Have you ever wondered, what is a brand style guide and how is it useful? Maybe it seems like a project “add on” that’s not necessary. Or you’re just not sure how you or your staff will put it to use.
In this article we will discuss what are the contents inside brand style guides. We’ll also learn how they can be an essential resource when working with external partners and to assist with internal company alignment. Let’s jump right into it!
What is a Brand Style Guide?
Brand style guides come in many shapes and forms, from PDF documents and printed books to digital interactive websites. Still, their purpose is the same—to organize and define a company’s look, feel, and personality, in a way that can be easily used by employees and contractors alike.
They’re essentially guidelines or “rules” outlining how to (or not to) use the various elements of an identity. This may feel like a straight jacket to some, but it’s not meant to be. Style guides are meant to help your visual expression stay consistent, while providing tools to bring your brand to life.
So, What’s Inside?
In order to orient the reader, brand style guides often begin with information about the organization or company. This might include their mission and biography as well as introduce the purpose of the guide and how to best use it.
Style guides also have a section defining logo usage dos and don’ts. A well crafted logo will come equipped with various “lock-ups” or compositions. There may be a stacked version, a one-line version, or even an option to just use a symbol by itself. These approved lock-ups are presented, along with how not to use the logo.
In the future there may be people with various levels of technical skill handling your logo. I’ve seen logos stretched, pulled, and even refashioned with all kinds of special effects—yikes! Believe me when I say, these simple dos and don’ts will be a help.
It’s critical to keep the colors of your brand consistent. Style guides take into consideration how your colors will appear in print as well as in digital applications like the web. It will list out how to get your hues just right using color models like CMYK and RGB or HEX colors, and also the Pantone® matching system for printing. This information is extremely helpful for printers or web developers who need to ensure your materials stay on brand. Similarly, the guide should include your selected brand typefaces for print and web, and where to find them.
Another section you may see in a brand style guide is related to personality or voice and tone. Gathering this information requires a deeper dive into the heart of the company, and might involve a collaborative discovery workshop. These details help put into words, nuances of your brand that are hard to communicate or visualize.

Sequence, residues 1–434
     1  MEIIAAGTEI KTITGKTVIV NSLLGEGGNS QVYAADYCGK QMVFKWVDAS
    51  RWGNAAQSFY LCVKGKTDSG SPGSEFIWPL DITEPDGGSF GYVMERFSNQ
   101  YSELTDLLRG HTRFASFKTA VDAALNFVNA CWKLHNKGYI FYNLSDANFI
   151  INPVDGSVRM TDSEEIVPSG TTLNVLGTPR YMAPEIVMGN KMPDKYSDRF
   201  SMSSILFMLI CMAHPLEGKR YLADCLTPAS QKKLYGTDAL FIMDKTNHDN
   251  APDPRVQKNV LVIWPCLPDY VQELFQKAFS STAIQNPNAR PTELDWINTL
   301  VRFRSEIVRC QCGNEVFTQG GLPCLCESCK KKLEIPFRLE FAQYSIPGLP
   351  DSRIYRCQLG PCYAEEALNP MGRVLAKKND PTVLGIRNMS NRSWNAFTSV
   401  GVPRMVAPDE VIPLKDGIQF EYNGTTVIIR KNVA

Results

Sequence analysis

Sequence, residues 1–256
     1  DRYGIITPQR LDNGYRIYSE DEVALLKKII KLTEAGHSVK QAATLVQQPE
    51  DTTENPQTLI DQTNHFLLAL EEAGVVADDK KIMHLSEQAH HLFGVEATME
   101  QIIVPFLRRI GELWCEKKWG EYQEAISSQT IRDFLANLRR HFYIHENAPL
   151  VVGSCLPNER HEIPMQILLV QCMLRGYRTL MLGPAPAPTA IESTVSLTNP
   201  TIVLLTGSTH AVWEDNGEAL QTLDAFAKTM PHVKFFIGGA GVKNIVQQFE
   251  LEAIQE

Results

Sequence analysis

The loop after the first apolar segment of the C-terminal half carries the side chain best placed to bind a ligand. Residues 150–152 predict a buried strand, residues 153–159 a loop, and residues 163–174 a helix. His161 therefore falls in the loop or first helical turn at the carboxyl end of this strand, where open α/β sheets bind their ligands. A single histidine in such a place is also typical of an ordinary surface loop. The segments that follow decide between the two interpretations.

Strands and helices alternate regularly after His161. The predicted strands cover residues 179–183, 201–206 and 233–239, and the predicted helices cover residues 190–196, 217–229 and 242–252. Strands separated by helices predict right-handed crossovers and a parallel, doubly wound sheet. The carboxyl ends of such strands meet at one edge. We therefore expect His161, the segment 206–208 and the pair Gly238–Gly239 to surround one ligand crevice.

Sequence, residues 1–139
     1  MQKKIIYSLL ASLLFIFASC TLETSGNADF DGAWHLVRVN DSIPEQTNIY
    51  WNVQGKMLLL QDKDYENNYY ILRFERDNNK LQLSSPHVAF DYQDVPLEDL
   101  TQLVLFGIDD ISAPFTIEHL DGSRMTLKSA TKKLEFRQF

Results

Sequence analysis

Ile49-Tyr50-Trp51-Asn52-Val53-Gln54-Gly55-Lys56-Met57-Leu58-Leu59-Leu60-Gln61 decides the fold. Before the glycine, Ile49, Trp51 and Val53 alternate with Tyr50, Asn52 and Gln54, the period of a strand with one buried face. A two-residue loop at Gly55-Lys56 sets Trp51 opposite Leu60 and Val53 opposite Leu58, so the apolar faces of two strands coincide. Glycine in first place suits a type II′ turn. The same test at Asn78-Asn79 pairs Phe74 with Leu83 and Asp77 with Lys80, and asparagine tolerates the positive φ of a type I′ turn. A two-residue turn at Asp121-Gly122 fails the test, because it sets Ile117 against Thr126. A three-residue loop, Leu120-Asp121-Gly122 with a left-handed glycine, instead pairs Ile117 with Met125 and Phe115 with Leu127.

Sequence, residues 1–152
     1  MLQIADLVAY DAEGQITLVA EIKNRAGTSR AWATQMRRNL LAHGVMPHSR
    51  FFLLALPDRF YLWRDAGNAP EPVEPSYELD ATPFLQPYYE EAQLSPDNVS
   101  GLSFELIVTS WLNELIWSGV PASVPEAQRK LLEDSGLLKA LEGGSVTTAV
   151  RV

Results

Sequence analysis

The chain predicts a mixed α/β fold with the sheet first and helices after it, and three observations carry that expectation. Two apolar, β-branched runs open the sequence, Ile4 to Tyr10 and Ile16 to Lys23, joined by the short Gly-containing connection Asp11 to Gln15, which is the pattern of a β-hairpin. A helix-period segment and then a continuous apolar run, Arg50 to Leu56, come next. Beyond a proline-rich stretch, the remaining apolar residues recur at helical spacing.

Lastly, more robust brand style guides will show additional elements such as iconography, photography, brand patterns, illustration styles, and social media strategy, as well as applications or design mockups. These provide examples of how the various elements of the identity will work together and show up in the real world.
When you engage with external partners, style guides facilitate an understanding of your branding. They’re not thinking about it every day you like you are. For example, a printer is not certain your yellow is this one and not that one, unless they are provided with that information. An app developer may need to use additional shades other than your three primary colors. Which ones align with your brand identity? All of this can be solved by sending along a brand style guide.
Some businesses enter into brand partnerships with other companies or have affiliates. In these scenarios style guides can help define logo usage or flexibility when in a collaboration with another brand.
Brand style guides can also help with internal company alignment. When there’s a document or resource that everyone can refer to, it takes a lot of the guess work out of what can seem like endless design and communication decisions.
Speaking of the usefulness of brand guidelines, Andrew Greene of the Corita Art Center said, “Ben helped us create a resource that not only saves time when we work with external partners, but has helped to shape our identity and culture internally. The workshop with Ben helped us better define our goals as an organization, and he fluently communicated his methodology to gain buy-in from our entire team.”
An Essential Guide
Brand style guides are surely not just an unnecessary project add on. Instead, they’re an essential guide to help keep your brand expression consistent, facilitate clear external engagement, and create positive internal alignment.
If you’ve been experiencing any of the challenges mentioned here, or have been considering developing a guide to provide clarity for your brand, let’s work together.